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ISSN 1749-8155

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Review Date: 
3 Jul 2014

Timing counts for so much in publishing and that is never clearer than when a major anniversary approaches. With the centenary of the First World War not yet actually upon us, there has already been a rush of publications. Meanwhile, just as many of the grandest television and radio programmes promised by the BBC have already been aired. Do we know anything we did not know a year or two ago?

Review Date: 
7 Mar 2013

Once upon a time, as every schoolboy knew, the history of the British Empire was the history of great men.

Review Date: 
31 Jan 2010

David Cesarani’s stylish book unravels the often sordid details of what might at first seem a relatively minor incident in the decline and collapse of British rule in Palestine.

Review Date: 
31 Jan 2009

The Arabian Frontier of the British Raj analyses the infrastructure of British informal empire in the Persian Gulf in the context of the different types of rule exercised by the Government of India in Asia and East Africa in the 19th century.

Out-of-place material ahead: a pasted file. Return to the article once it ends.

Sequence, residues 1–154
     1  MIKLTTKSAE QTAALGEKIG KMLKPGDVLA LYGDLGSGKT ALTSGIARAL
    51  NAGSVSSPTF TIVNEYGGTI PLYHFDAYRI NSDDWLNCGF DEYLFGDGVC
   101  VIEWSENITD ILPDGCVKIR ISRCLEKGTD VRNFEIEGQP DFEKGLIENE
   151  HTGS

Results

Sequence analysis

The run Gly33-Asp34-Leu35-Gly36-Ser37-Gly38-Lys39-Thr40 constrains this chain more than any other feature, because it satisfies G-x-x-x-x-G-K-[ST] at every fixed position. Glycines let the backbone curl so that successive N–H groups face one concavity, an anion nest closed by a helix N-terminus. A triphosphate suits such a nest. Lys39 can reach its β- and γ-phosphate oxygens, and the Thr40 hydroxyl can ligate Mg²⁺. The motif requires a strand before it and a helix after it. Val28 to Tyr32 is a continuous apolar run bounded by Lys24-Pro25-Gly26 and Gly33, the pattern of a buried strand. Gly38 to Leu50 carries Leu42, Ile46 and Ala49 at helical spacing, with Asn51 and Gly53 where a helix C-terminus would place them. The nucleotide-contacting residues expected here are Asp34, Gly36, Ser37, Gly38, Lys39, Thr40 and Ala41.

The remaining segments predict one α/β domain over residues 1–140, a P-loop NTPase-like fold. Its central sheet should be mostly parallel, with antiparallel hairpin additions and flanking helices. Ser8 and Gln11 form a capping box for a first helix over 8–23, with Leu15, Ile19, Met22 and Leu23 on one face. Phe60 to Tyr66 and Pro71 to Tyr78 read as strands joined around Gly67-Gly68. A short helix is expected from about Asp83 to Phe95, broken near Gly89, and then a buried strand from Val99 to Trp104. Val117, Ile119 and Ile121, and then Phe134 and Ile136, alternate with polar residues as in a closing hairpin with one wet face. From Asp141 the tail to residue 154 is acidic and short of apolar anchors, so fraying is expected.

Review Date: 
1 Dec 2008

This is a book whose coverage is not confined to its title. That is, it tells us about more than just the naval aspect of 1915’s attack on Gallipoli.

Review Date: 
1 Jul 2004

It is curious that it should have taken imperial proconsul Lord Cromer (1841–1917, Evelyn Baring until 1892) nearly a century to find a scholarly biographer worthy of his centrality to British, imperial and Egyptian history in the Victorian-Edwardian age.

Review Date: 
1 Mar 2004

In a memorandum for the Committee of Imperial Defence dated 10 July 1920 Harold Nicolson, whose family connection with these matters dated back to the time when his father Lord Carnock entered the Foreign Office, namely 1870, wrote: